One Member, noting how delighted she was to hear the CEO being so positive and being in support of the objectives too, did not think that this came across in the action plan but that it was a brilliant step on the ladder. Partly in response to earlier discussion regarding the structure and content of the plan, it was suggested that short-term actions be brought forward to the beginning of each section to highlight them and that it was useful to have estimated carbon savings against actions, and that council and district targets needed to be better distinguished to illustrate more clearly what was being done for the Council and what was being done for the district. The significant drop shown on the graph [on page 23 of the Agenda Pack] and how this was to be achieved was questioned given that half the budget for thefirst year was to be staff costs and, though needed, audits of the estate and emissions and a transition to electric vehicles. The need for staff training to be linked to the work actually undertaken, for the Council to make sure residents were involved and engaged in the process as early as possible rather than just being kept up to date, for biodiversity targets to be linked to local nature partnership obligations in readiness for the coming Environment Act, and whether a Working Group should be set up between departments were also suggested. A written response would be provided to the Member by Officers in relation to the points raised.


More general points were raised by Members on the County-wide electric vehicle charging network and how many would be fitted in Arun and by when, and commitments to electric vehicle charging points and photovoltaic (PV) panels for council-owned housing and whether these could be extended to all privately owned housing as part of the planning permission process. The Chair confirmed that the installation of electric vehicle charging points in Arun started later this year. The Director of Place clarified that in terms of planning, Government guidance did not facilitate making these conditions and that updates to policies in that direction would have to go through the Local Plan process. In response and noting that the district was one of the sunniest parts of the UK, and therefore more likely to produce more energy per PV panel than anywhere else, one Member asked whether the Council could ask Government to allow us to become the first District Authority to go all PV and all battery in all new buildings; putting Arun on the map and at the same time doing its bit for climate change. The Director of Place reiterated his earlier points and noted that the Local Plan process was currently paused, and that if the Council decided to proceed with a new Local Plan then work could be undertaken on the targets wished to be pursued and evidence could begin to be collected to explore support for them. Another Member noted that whatever policies the Council put in place had to withstand the tests of the Planning Inspector and conform to Government policy.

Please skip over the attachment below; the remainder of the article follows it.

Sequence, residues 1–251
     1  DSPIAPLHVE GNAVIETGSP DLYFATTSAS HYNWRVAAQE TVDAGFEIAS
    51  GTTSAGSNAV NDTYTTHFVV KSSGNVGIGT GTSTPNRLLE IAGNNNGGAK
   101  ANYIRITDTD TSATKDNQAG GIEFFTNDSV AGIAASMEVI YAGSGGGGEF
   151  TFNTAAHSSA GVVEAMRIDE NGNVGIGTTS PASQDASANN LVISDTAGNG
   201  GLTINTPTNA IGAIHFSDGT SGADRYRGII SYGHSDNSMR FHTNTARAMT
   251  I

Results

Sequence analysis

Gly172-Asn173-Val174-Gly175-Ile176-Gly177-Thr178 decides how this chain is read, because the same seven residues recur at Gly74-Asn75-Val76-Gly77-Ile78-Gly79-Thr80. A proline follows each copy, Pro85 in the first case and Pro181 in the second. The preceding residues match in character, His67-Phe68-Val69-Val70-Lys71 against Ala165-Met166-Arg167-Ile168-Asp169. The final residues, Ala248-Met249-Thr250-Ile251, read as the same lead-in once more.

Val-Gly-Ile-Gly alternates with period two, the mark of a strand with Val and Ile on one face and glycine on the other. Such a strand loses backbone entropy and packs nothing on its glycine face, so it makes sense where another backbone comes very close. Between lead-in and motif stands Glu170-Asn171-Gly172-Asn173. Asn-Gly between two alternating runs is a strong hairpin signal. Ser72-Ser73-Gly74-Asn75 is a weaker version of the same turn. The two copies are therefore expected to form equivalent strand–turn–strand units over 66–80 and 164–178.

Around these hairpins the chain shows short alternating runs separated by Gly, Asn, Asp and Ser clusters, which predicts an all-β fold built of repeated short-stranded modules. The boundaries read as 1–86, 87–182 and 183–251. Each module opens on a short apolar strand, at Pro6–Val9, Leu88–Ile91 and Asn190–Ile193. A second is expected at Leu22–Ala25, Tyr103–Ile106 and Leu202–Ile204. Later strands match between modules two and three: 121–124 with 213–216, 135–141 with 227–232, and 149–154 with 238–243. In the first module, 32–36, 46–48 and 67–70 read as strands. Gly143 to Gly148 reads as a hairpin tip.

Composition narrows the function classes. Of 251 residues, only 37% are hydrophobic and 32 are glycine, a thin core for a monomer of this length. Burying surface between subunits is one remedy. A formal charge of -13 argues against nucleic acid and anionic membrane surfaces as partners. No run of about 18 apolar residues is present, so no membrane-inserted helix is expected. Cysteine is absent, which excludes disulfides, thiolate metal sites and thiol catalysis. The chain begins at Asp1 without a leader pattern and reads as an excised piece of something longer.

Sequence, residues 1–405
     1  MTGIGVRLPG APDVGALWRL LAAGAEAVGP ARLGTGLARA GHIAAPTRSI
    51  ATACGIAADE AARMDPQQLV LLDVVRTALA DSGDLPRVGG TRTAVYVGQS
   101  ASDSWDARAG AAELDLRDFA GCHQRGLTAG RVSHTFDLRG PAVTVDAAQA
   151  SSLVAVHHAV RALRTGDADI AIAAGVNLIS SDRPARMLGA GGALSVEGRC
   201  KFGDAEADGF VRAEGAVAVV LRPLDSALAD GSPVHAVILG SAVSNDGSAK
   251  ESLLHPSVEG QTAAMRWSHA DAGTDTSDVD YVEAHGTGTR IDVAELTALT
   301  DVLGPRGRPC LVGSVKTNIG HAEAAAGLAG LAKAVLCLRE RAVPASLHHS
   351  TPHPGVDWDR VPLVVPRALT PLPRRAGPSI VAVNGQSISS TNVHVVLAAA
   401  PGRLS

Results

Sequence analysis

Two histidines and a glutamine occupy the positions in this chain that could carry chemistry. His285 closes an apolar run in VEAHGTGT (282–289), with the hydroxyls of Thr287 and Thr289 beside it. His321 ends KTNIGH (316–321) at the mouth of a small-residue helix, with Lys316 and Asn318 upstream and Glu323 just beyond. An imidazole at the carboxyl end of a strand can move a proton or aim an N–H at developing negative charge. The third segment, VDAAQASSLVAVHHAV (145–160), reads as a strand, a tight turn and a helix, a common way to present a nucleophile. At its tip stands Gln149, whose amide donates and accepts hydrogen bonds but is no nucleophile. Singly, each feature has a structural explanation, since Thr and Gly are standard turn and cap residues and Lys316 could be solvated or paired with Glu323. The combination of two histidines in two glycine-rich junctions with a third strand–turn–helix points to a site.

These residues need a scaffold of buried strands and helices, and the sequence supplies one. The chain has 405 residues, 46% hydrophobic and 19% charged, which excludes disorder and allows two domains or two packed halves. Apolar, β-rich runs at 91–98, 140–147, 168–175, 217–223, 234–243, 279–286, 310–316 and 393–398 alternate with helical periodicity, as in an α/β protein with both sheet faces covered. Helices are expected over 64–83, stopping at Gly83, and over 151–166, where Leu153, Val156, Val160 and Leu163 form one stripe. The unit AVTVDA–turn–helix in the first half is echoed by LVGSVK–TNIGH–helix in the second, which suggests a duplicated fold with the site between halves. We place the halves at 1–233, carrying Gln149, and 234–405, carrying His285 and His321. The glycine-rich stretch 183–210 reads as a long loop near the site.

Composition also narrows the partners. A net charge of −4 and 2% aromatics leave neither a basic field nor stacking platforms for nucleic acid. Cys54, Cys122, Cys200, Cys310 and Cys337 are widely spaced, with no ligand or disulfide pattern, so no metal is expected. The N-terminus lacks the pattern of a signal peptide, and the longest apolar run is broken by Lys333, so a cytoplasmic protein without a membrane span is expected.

Having had the recommendations proposed by Councillor Cooper and seconded by Councillor Pendleton, by unanimous vote,


            The Committee






That the Climate Action and Biodiversity Work Plan 2022-2023 be approved, subject to the approval of the Council’s Budget for 2022/2023 and £200,000 for the following:


(1)          £50,000 per annum for an Officer to support the Climate Change and Sustainability Manager;  


(2)          Up to £60,000 for building audits;


(3)          £7,500 for carbon emission monitoring and supporting the assessment of supplier carbon calculations; 


(4)          £2,000 for training and accreditation; and


(5)          Authority be given to the Group Head of Wellbeing in consultation with the Group Head of Corporate Support (Section 151 Officer) to delegate unallocated sums within budget to fund projects detailed in the Work Plan.



Supporting documents: